The Middle Mind – Curtis White (2003)

I saw an interview with novelist Curtis White recently, which got me interested in his book The Middle Mind, a non-fiction book from 2003. The book is subtitled “Why Americans Don’t Think for Themselves,” and while I’m not sure he answers that question, he does lay out a case for art and the imagination as a way out of the pretty barren wasteland we face today. Some notes on a few things that I found interesting….

1. White is correct that any future vision must be ‘imagined’ – a story about what is possible. He is especially cutting about an episode of Nova entitled “Beyond Human,” and he includes the intro narrative from the show as an example of the ‘techno’ vision of the future:

“A strange new era is dawning. An era of revolutionary experiments. Wired torsos. Chip implanted brains. Creatures of silicon and steel. Welcome to the age of cyborgs and androids. As humans become more machine-like, and machines more human, the line between biology and technology is starting to blur. And in the process we may just be reinventing the future of our species.”

As White puts it, “just what or who is this ‘we’ that the narration assumes. The fiction of a united humanity?” It’s important to read into these narratives, to figure out what assumptions are made, what critical information is simply assumed into being true (for all of us).
I was just reading a story about Monsanto now attempting to patent their process for producing pigs, in essence about patenting a form of life. Is this what we want – corporate control of species? If not, can we imagine a story that makes the absurdity so clear that the future works out in a different way?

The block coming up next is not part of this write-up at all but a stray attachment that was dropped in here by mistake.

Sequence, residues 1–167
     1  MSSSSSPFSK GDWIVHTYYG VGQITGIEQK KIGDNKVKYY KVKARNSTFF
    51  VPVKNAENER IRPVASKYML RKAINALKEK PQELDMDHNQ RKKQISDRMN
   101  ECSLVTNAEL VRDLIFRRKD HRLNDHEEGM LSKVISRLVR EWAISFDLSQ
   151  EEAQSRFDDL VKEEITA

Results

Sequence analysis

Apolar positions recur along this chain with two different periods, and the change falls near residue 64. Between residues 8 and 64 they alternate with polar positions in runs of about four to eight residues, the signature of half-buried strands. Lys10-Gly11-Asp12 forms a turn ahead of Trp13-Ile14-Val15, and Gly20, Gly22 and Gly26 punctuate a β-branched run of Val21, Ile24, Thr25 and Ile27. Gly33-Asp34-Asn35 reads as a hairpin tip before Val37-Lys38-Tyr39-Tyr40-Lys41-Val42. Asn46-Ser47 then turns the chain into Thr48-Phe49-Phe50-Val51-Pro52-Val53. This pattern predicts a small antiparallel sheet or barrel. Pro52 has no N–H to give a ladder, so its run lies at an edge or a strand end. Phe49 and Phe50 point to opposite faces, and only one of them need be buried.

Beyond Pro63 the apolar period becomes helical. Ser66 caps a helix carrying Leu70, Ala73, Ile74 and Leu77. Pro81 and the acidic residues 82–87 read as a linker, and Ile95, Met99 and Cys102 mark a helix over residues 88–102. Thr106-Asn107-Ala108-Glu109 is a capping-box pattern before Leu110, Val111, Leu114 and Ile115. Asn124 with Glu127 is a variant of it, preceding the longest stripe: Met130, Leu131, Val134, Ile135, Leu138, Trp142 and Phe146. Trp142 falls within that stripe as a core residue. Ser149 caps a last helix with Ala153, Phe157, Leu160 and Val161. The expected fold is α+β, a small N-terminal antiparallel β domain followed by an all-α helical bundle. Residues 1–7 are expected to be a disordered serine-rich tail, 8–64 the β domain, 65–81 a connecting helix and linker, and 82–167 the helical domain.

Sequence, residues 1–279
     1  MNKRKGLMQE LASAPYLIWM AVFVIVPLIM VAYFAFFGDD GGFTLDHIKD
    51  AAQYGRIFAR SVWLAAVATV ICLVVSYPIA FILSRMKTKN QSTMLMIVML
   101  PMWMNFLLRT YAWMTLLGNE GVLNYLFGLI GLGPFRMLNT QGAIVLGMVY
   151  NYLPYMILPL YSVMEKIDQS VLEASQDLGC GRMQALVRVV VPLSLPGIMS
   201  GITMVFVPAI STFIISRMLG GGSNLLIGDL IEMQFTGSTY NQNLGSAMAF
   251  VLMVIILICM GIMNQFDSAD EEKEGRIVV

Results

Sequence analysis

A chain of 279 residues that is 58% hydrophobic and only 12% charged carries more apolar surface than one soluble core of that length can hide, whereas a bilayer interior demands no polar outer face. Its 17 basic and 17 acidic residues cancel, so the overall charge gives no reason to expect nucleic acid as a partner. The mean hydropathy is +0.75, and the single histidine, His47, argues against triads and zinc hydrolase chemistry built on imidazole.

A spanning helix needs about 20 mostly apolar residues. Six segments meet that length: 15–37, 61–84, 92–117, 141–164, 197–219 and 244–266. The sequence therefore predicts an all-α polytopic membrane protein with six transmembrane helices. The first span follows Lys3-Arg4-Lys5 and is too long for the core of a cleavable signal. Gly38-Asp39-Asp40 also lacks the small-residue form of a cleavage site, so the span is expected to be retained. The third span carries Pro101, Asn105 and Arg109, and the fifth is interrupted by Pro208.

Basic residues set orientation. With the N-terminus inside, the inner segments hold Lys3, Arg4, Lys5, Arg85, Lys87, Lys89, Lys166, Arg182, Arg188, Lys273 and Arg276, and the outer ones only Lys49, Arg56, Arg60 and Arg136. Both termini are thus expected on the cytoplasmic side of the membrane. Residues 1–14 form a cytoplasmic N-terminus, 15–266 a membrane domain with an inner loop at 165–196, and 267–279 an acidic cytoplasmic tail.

2. Early in the book, he discusses the ‘imagination prosthetic’ of the creative industries.

“Insofar as your high-end audio equipment means you won’t produce any music yourself, won’t even listen to live music, won’t know what it feels like to capture the rhythms and textures of music in your own hands and lungs, how playing music changes your relationship to music and changes music’s relationship to the world, your stereo system is a musical wooden leg. It is literally a dis-ability.”

And in what I found to be a very apt & funny footnote to this passage, he goes on:

“Stereophile magazine regularly runs interviews with musicians and is regularly dismayed at what crummy audio rigs they have. The indifference of musicians to the high-tech world of the audiophile is the source of considerable wonderment and pain to the editors of Stereophile.” (p. 10)

3. So in the end White encourages active, open-ended imagination and creativity that does not simply re-iterate corporate goals and social conventions. And he recognizes that this is ‘dangerous’:

“When we have succeeded in reviving the social imagination we will know it by the reaction of those who have most to fear from it.”

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